Traveling is chasing feelings. You don’t go places to do things; you go places to feel the things you feel when you do the things those places have to do. These feelings can be internal or external. Every place you go has its own vibe you step into, and every trip you take creates its own sensation within you — the sense-memories, the vague excitement/relaxation/wonder that bubbles up from deep in your brain/heart/loins when you look back at the photos.
Bryce Canyon’s vibe is 19th-Century heaven. Like if you popped into the red-rock portion of the great hereafter, but a couple hundred years ago, before it got so crowded. How it makes you feel — other than a little lightheaded from the thin air — is a little harder to pin down, but it’s safe to say you’ll feel happy. Especially if you let our buddies at Bryce Canyon Pines handle the details.
There’s the actual, external landscape — all 9,000-foot-high conifers and congregations of mad hoodoos (pro-tip: it all looks better on horseback) — and then there’s the feeling in the air. Drive into Bryce Canyon and you realize how big and grand and remote the world can be. It’s above everything. You feel like you’re looking down from one of those cloud cities in the movies. The air is crisp and cool: perfect for camping in the summer and cross-country skiing in the winter. There’s that special kind of bristling, buzzing silence you only hear in beautiful, elevated places.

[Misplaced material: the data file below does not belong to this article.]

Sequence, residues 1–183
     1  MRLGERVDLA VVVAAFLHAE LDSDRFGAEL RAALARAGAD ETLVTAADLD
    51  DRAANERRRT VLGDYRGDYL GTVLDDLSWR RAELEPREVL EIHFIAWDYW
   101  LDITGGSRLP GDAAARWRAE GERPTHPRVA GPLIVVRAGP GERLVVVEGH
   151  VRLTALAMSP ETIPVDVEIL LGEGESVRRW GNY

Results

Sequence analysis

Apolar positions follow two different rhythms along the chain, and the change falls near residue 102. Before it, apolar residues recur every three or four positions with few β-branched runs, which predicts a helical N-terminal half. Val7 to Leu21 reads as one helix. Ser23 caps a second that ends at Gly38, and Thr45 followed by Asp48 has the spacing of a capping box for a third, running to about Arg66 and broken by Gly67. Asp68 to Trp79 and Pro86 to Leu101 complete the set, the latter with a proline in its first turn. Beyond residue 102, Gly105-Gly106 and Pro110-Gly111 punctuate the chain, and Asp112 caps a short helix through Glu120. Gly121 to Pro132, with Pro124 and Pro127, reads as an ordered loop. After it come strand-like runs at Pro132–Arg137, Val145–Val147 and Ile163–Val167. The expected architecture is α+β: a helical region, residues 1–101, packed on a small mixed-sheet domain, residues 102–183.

And then there’s the internal landscape Bryce Canyon creates. Again, this is by definition highly personal, but our informal poll found that most people who visit Bryce Canyon report that it feels —
— “like home” (could be the comfy digs or the delicious home-cooked meals).
— “like the old days” (the horses, the cowboy aesthetic, all that pristine nature).
— “like family” (gotta be Ethel’s pies).
If you could feel (and see, and smell, and taste) all those things in a virtual reality chamber in your basement, you would, and there would be no need to travel. But you can’t. So go to Bryce Canyon.